Indeed, I caught myself doing it half-unconsciously this week, in a sense; falling into the pat explanation of why students should care about the economic structures of the later Roman Empire by emphasising the possible causal chain from poor harvest to falling tax yields to inadequately resourced state agents to the Roman defeat at Adrianople. Understandable, given that I’m well aware most students are much more interested in battles and hordes of hairy barbarians than in agri deserti and legislation restricting the rights of coloni, but part of me wanted to slap myself and yell at the class “Look, forget the bloody battles! That sort of defeat was becoming increasingly inevitable sooner or later, and was largely irrelevant anyway!” But since lectures are now recorded and such things might be held against me in future, I restrained myself.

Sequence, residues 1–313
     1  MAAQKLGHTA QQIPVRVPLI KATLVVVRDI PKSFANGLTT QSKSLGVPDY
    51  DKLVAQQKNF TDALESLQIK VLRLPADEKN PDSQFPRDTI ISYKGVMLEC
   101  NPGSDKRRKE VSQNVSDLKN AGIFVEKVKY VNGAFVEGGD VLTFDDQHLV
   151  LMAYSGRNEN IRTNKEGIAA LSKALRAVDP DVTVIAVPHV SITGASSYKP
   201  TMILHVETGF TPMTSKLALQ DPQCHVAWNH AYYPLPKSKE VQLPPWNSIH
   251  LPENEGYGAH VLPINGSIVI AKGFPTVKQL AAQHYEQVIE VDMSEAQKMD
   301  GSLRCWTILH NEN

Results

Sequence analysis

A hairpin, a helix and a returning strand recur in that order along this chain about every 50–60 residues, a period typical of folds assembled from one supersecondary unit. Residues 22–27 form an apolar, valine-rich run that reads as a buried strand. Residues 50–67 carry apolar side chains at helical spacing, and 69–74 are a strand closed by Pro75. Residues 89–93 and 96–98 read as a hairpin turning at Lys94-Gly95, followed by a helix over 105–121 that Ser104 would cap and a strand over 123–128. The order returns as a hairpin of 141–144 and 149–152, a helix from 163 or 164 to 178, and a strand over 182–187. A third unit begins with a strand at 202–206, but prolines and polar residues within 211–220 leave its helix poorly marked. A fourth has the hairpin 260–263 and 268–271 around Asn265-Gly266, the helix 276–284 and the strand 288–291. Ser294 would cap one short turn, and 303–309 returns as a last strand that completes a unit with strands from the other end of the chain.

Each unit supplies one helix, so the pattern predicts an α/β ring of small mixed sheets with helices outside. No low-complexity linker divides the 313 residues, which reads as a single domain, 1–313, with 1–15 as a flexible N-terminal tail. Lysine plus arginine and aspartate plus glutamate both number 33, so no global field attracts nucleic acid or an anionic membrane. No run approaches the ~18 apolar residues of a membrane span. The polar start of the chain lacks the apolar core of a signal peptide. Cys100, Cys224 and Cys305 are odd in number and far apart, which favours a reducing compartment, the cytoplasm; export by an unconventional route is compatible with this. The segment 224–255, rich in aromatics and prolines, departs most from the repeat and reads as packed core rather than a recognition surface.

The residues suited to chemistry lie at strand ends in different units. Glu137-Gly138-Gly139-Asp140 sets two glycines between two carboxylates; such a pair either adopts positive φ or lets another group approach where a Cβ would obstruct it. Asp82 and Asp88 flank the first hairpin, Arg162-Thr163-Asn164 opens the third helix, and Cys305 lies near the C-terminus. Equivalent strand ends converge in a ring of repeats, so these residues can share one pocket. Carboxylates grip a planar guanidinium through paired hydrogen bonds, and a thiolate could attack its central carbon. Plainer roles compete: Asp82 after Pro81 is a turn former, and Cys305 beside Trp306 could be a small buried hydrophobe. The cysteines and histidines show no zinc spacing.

Late Antiquity, the ‘decline and fall’ period, offers reminders time and again of this human tendency to find a decent story to tell about complex, world-shaping events. There are so many competing theories on offer, that we often feel driven to pick one and champion it against the others – it’s really down to the Huns, or really about cultural fragmentation, or whatever – rather than trying to think through their complex interaction. But it is also about timescale, and how comfortable we feel in thinking through complex processes over a longer period of time. One of the reasons I was at a conference on Anticipation in the first place (the main reason was of course Thucydides-related) is that the ancient world offers a way of exploring social responses to environmental change, and the limits of human institutions in dealing with large-scale processes (TL;DR: they’re not very good at it). Again, what strikes me is the tendency to turn this sort of longue duree into l’histoire evenementielle wherever possible: climate change is recuperated into the history of the barbarian migrations and thence into the history of Adrianople and the collapse of the frontiers, erosion and harvest failure becomes a story of taxation, debasement and imperial legislation, disease is conceived in terms of short-term devastating plagues rather than the far more devastating changes in the penumbra of ‘normal’ diseases affecting much of the population in the long term. We have, to be fair, moved away from the idea of 476 and the deposition of Romulus Augustulus as the Berlin Wall moment for the Roman Empire – but there is a certain tendency to try to set up Adrianople or a similar event as an alternative Berlin Wall moment, rather than recognising that they can only ever be misleading.